I have been a bit concerned about what I could bring this evening because I have an appointment this afternoon which might make it challenging to get there on time, much less worry about what to bring, and keep cool, or keep warm . . .

So, last night, in my dreams, the instructor told me that I needed to bring 5 items for our next potluck. I think it was for some kind of “amend” but I can’t recall that part. I thought she was kidding, but then I realized she was not. When I woke up enough to write something down about it in my journal, I wrote about the new way (a different take on fairness or justice):

  • some bring some,
  • some bring none,
  • and some bring more.

Sounds “just right” to me. Or maybe “just us” (say it aloud, it sounds like justice).

Reconciling with Country Western Music

In her book Listen with the Heart – Sacred Moments in Everyday Life, Joan Chittister says this about music: “If you know what music it is that you can’t bear to hear, you’ll know what memory it is that you haven’t come to peace with yet.”

For me, it was country western music – the music my Dad listened to and the music my Step-Dad listened to. And this insight did help me come to peace with memories of them.

And what a joyous reconciliation with country western music I’ve experienced! I don’t know if you’d call Elvis country western, but apparently my mind put “gospel” music of any type in there too. (Or, hmmmm, maybe that’s another area where I’ve done some peacemaking with my memories.) I’ve already written about Waylon Jennings. And there’s Tammy Wynette too. And somehow Johnny Cash never got wholly ousted but I can enjoy his gospel tunes now too. And Hank Williams, Sr., Jr., and III. Wow. A whole new bright and wondrous arena is re-opened to me! Thank you.

Here’s just a few examples:

http://www.youtube.com/watch?v=j9lZPWdqfqc (Men with Broken Hearts, 3 generations of Hank Williams)

http://www.youtube.com/watch?v=oc-YCcP1HrU (Walk a Mile in My Shoes, Elvis Presley)

http://www.youtube.com/watch?v=FM-S6wVw8rA&feature=fvwrel (I Saw the Light, Hank Williams Sr. (and Jesus))

http://www.youtube.com/watch?v=bLhHYwqpLRA&feature=related (Wings of a Dove, Johnny Cash etc)

And, this has nothing to do with country western music but I just loved it today: http://www.youtube.com/watch?v=cv1oPvSg5G0&feature=related (That’s What Friends are For, Dionne Warwick and friends)

What if it is no longer necessary for the visionaries to be killed?

Isn’t it a beautiful question? Isn’t there so much hope contained within it? What if we have evolved as a species to the point where we don’t need to kill that which we do not understand or that which scares us? What if we are now willing to look at those fears, or whatever fears or seeming inadequacies we have, and dive into them, and discover the great freedom that lies within them? What if we as a species have already developed new ways of allowing? What if it is possible that we humans get to the point where the light pulling us forward is so bright that the darkness that is so much a part of our human condition pales in comparison, and is seen as only a very minor nuisance? What if it isn’t as hard as we think it might be? What if there are so many who are ready, willing, and able – waiting with bated breath – to befriend, and companion, and love us, and all we have to do is ask?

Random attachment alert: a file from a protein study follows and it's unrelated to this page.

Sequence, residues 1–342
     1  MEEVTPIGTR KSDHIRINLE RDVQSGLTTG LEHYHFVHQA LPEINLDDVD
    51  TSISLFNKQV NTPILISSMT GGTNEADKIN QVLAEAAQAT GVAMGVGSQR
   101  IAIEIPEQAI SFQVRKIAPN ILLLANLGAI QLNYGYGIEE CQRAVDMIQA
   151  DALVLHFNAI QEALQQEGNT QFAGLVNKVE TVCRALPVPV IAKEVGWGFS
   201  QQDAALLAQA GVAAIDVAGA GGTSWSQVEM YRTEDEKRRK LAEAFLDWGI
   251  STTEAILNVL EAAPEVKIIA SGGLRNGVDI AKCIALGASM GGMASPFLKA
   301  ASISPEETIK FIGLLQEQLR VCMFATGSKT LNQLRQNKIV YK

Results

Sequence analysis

(I am so inspired by Russell Brand on the Rosie Show, and by the Occupy Wall Street people across the country and here in Tucson. And before I push the “publish” button, I ask myself, boldly, “For the love of God, is there any reason I should not publish this!?” And the answer I get is clear.)

Marching Song

Robert Louis Stevenson, A Child’s Garden of Verses, 1944 edition

Another gift that seems to come to me “out of time” and perhaps as part of my heredity, or a legacy. The red cloth cover is delicious. And, on the front, is me, a young girl with her folded paper hat and her wooden sword held high, leading the march. Brother Jimmy is just behind her, banging the drum. You have to use your imagination to see that the little boy at the end of the line is her baby sister Becky, playing a small flute.

The illustrations in this book make my heart sing. No wonder I have dreamt of joyfully swinging so high, of cows, of crocodile, and of Grand Adventure of every sort.

The book came to me in a dream (A Child’s Garden of Verses) and I went to Powell’s in Portland and was able to purchase the “right” edition. I think it was Summer 2010. And I seemed to remember it from my youth. Then we came home, and I had the same edition, in my closet, with all the old books I had inherited from my Granny. Maybe I read it at Granny and Grandpa’s house when I was a little girl. And I saw the date it was published and began to wonder if it wasn’t my mom’s book originally. At first she didn’t seem to remember it. Then, she thought maybe she did. Or at least that’s how I recall it. Memory is so facile (and, this happens to me a lot lately – a word will come to me and I won’t really know what it means but I’ll look it up and, sure enough, it will be “just right” – like facile).

Marching Song (the cover illustration relates to it)

Bring the comb and play upon it! Marching, here we come! Willie cocks his highland bonnet, Johnnie beats the drum.

Mary Jane commands the party, Peter leads the rear; Feet in time, alert and hearty, Each a Grenadier!

All in the most martial manner, Marching double-quick, While the napkin, like a hammer, Waves upon the stick!

Here’s enough of fame and pillage, Great commander Jane! Now that we’ve been round the village, Let’s go home again.